You graduated from law school during a recession, much like myself.  I graduated during the bubble burst.  But you managed to find a job.  It's a small firm. You won't be earning much money.  You're not going to have health care.  But your mother is beaming because you are going to be a real attorney.  You know the job isn't forever, but you're happy to have an opportunity to gain experience under the wing of a talented and experienced solo practitioner.  You are one of the lucky ones and you're not about to look a gift horse in the mouth.  

This is how I felt when I got my first job out of law school (post-clerkship).  I was earning $50K, which was not horrid at the time, but not terrific.  My boss hired me because we clicked and I was a good student from a good school and a "go-getter."  I am notorious for ignoring my initial gut feelings and trying to think with my head.  I had a bad feeling when my future boss said, "You must be in the office by 8:30 and you can leave the office at 7:30 p.m. and to go to court during the day, but not for lunch."  Hmmm. I thought.  That's weird. I thought I was a professional that was paid to accomplish tasks, not work by the hour.  But, I thought, this would be a nice place to work.  He said he would never ask me to work weekend, so long as I put in my 11 hours a day during the week.

Thursday, July 29, 2010

LIES! Watch Out, Kansas City! Bull Alert!

I saw this headline ("Study: Life After Law School Gets Tougher") and was happy--over the moon! As you know, more news coverage is good news. And then I read on and somehow this reporter skews the news into something positive. I took Journalism in college, and I could hear my professor saying: "Journalism 101: Who, What, When, Where, Why?" What's up with dropping your uneducated opinion into a news story, Steve Vockrodt???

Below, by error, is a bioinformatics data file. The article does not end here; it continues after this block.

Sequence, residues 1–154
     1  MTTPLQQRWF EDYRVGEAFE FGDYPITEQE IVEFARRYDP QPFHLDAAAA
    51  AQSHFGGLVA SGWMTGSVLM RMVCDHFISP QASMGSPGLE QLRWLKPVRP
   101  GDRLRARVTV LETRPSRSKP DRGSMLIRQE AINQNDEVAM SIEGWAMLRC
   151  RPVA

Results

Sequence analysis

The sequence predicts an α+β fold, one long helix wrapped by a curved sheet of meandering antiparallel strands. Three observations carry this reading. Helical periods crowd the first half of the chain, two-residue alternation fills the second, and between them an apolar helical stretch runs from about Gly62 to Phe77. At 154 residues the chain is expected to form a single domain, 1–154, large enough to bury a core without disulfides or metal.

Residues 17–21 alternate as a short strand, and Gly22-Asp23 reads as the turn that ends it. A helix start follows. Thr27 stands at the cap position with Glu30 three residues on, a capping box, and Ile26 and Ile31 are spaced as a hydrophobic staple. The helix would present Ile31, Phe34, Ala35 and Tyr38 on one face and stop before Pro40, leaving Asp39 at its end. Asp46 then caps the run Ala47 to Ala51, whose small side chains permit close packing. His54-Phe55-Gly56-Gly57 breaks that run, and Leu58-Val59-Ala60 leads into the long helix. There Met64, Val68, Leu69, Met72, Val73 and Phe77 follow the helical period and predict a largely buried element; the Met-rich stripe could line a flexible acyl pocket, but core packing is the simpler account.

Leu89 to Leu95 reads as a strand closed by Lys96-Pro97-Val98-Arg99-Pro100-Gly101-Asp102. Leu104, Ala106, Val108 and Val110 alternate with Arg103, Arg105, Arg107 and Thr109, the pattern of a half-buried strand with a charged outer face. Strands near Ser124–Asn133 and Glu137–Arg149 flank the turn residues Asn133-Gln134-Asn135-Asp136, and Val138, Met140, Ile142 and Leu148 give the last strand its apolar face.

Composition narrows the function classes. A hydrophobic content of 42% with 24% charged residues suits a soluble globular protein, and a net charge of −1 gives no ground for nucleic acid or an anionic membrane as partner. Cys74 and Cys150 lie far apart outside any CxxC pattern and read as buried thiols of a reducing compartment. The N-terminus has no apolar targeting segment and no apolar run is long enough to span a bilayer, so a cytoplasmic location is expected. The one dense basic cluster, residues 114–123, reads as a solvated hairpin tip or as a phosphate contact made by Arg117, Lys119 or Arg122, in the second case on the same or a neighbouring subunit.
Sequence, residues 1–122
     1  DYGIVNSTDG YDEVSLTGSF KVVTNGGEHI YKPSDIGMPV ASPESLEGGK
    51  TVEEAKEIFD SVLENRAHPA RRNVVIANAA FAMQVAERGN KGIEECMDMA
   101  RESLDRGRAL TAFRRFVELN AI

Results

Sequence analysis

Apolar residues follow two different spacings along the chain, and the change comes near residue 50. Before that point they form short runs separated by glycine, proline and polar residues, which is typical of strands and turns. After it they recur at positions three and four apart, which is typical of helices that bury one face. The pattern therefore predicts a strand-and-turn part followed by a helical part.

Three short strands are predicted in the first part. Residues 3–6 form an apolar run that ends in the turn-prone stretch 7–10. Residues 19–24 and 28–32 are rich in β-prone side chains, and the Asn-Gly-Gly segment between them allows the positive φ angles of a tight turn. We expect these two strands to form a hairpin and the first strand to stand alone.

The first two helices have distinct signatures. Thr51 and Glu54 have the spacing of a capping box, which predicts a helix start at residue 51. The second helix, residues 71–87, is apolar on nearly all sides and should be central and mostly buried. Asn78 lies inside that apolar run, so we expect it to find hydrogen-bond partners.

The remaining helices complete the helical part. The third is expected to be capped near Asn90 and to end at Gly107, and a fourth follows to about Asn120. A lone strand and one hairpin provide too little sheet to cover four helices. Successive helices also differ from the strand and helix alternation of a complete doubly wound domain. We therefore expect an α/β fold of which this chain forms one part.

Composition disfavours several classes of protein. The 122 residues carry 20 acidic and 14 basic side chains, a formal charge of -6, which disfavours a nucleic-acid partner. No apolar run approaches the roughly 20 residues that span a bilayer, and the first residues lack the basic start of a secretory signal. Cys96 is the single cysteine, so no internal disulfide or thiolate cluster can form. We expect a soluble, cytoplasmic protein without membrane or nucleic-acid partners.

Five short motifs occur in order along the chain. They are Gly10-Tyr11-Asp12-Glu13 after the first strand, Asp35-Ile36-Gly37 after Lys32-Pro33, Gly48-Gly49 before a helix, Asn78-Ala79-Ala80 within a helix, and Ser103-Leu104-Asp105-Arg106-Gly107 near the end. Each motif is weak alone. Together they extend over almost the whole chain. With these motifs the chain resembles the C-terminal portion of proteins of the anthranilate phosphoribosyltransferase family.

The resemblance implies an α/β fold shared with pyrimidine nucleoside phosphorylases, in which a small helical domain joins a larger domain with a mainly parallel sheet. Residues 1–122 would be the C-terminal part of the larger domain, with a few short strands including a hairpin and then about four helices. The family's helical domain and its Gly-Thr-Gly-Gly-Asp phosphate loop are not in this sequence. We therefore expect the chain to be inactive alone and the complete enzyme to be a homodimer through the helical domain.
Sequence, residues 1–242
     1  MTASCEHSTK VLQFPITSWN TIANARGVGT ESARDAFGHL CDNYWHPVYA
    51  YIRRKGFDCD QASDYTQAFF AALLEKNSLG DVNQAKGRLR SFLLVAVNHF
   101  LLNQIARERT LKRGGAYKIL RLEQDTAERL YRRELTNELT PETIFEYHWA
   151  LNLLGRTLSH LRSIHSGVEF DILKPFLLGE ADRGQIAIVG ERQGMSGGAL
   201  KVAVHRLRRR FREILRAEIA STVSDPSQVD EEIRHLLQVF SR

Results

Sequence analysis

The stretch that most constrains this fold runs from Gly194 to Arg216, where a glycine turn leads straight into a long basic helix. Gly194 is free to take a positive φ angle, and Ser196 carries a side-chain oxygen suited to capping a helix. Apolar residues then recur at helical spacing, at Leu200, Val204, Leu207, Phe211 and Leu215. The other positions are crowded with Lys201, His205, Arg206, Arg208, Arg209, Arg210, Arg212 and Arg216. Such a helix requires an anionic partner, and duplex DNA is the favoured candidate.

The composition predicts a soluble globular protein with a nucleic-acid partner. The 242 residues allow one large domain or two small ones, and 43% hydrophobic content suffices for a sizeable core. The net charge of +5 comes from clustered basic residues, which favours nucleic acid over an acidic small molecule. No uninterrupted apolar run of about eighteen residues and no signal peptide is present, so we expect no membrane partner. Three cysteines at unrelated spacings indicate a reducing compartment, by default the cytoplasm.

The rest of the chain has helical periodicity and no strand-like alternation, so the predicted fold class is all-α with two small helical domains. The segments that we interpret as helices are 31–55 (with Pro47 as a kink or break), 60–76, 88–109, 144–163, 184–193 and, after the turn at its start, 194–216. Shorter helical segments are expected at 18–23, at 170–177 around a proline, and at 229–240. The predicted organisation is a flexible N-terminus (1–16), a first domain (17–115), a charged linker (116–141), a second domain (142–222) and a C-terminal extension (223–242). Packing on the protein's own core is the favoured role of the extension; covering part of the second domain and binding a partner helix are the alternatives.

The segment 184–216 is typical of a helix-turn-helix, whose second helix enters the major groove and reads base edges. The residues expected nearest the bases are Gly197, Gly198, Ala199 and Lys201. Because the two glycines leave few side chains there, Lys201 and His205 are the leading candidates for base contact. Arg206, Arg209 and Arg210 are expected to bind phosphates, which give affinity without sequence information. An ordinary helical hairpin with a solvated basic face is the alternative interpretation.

So, although the title sounds accurate, the article says...

Here are a few survey findings that stick out from NALP’s report:
• Between 3,200 and 3,700 graduates in 2009 had their start dates at law firms deferred past Dec. 1. The usual start date is around September.
• About 25 percent of respondents said their jobs were temporary, although that figure includes judicial clerkships.
• Many of those who did find jobs weren’t happy with them — about 22 percent of 2009 graduates were looking for a different job, double what the figure was in 2000.
If those figures seem grim, there’s one that contradicts the perception of an entirely ugly job market. The overall employment rate for 2009 law school graduates was 88 percent, down just a bit from the recent high of nearly 92 percent in 2007.That’s not bad, but it’s clear that the dynamic of employment options has changed and may continue to change during the next couple of years.

“Members of this graduating class were more likely to be working part-time, working in a temporary job, working in a job that does not require a JD, working as a solo practitioner or working but still looking for another job than their peers who graduated in the classes before them,” says James Leipold, NALP’s executive director.

What's wrong with this picture, folks? Surely, you've read the scam blogs long enough to say, right??? I'll tell you what's wrong. 88 percent of law graduates are employed, OF THE PEOPLE THAT REPORTED.

Yep, the shame factor is not computed into the NALP survey and certainly not mentioned by this reporter. What's the shame factor? It's the same thing that keeps me from revealing my identity to the world, or any of us for this matter (except Nando and L4L). It's the same thing that keeps all of us from passing out pamphlets in front of our alma mater. It's the reason why you comment anonymously. So, if you adjust that 88% downward, for the number of graduates that are too ashamed to tell their law school that they are STILL unemployed--we're looking at something like 50%. If you adjust that figure, by taking out the 10% or so that are employed--in temporary document review--we're at 40%.

Hang in there, law school grads!

Suck it, Steve!

(written by Angel, posted by HardKnocks)

Wednesday, July 28, 2010

BIDER Reader Moves to Canada!

I received some wonderful news from a long-time BIDER reader who took my suggestions to heart and was looking for an out from the law (and loans) in a foreign country. We exchanged emails for months, exploring options which included teaching in China. Little did I know that this BIDER reader is a U.S. and Canadian dual-citizen. I received an email soon after my post on the Globe and Mail's "Broken Europe" series that this BIDER reader is finally going to take advantage of his dual citizenship to move to Canada. Congratulations you lucky bastard!
Hi Hard Knocks: